“Coding is a means to train Zimbabwean girls to produce tech innovation and apps that can help solve some of society’s vices, such as under-age marriages, poor education, food insecurity, and so on,” she says. 

The vision of Girls Speak Out was informed by the realisation that “the majority of girls, even in the poor Zimbabwean households, which we studied, own smart phones and 30% of the phones functions proficiently. This already places a digital mobile tool in their hands, although in a limited way, at this point.”

In 2017, the community and work being done by Girls Speak Out started to blossom. “From a seed of just 25 girls in our pioneer class we reached another 160 girls through the #Jumpstart Master classes, when we were invited to tour six cities in Zimbabwe to teach digital skills.”

She smiles with happiness. “In 2018 we have a new set of 30 girls coming from Mufakose, Mabvuku and Dzivarasekwa.”

WhatsApp classrooms

Their most fascinating adventure so far has been the “WhatsApp classrooms” initative. “We recruited the first batch of 170 young women for this in 2018. Mobile phone lessons involve how to launch transformative projects like manufacturing sanitary wear as a tool to keep poor girls in school.”

“The success of the platform can be seen when WhatsApp mentees grow into mentors. The enthusiasm for the WhatsApp class is huge – the women happily sacrifice their own mobile phones and data.”

Of the 16 Women that started the #PC4W Community Training Program 14 of them graduated. Photo: Girls Speak Out/Facebook

Feeling the impact of Girls Speak Out

The Girls Speak Out tech movement is producing girl champions and providing direct employment results, Marindire says proudly.

“Our girls from the 2017 coding class are now online content creators for publications in Zimbabwe focusing on community development. In Victoria Falls, some of the girls we trained under Jumpstart ZW co-founded #LetsTalkVF. This is a platform that engages and connects community members and public officials in the town on issues like education, the distribution of public funds, and more.”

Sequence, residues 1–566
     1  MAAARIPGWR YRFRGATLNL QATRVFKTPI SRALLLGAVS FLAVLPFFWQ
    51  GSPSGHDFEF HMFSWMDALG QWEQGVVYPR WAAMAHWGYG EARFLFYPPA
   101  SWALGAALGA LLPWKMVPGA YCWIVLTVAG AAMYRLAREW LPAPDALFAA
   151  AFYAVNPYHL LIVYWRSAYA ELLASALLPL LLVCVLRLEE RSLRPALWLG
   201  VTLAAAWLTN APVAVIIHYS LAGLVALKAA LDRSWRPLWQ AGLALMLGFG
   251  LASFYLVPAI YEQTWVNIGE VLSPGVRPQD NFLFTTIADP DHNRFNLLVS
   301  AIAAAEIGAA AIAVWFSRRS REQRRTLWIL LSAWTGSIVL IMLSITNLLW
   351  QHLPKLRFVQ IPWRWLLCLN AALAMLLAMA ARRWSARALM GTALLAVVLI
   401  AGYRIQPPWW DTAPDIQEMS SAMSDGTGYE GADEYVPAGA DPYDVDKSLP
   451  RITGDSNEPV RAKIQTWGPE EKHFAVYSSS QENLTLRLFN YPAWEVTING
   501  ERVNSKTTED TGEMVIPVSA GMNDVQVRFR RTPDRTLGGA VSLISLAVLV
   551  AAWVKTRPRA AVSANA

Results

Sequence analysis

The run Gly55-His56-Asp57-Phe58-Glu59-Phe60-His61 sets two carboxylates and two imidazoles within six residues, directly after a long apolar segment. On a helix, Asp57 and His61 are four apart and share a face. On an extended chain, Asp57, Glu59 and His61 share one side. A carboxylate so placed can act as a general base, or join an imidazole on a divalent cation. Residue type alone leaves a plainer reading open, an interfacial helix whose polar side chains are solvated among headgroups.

The Girls Speak Out tech movement is producing girl champions and providing direct employment results.

Some of the beneficiaries have made their mark in a country where jobs are difficult to obtain. “One of our graduates is now a news producer at a local video-production house, while another was snapped up by Plan International’s media department. Another of our graduates now handles communications at a mining company, while our finest now works in Zimbabwean parliament’s news section.”

Surviving without support

Even without any external sources of finance, Girls Speak Out persists, driven by the will of its participants.

“We do not have a sponsor that gives us money,” says Marindire bluntly. “We have been using our personal funds to cover costs and to engage skilled coders and advocates.”

Non-profit technology hubs that are springing up around Harare have been of help, however. “They donate physical space and computers every Saturday so that we can meet there and train the girls.”

Girls Speak Out structure their offering to allow for the relatively well-off to subsidise the numerous poor participants. “In 2018 we opened our classes to girls from wealthy suburban schools who are interested in the programme. We run an eight-week intensive leadership Power Class for Women and charge them a small fee. The cash buys equipment and bus fares for poorer girls in our free programme.”

Deservedly, Girls Speak Out won the US$ 2000 Shoko Festival UnHub Conference’s Women Rising Award. This is Zimbabwe´s premier honour to any movement that advocates for women’s rights using mobile technologies.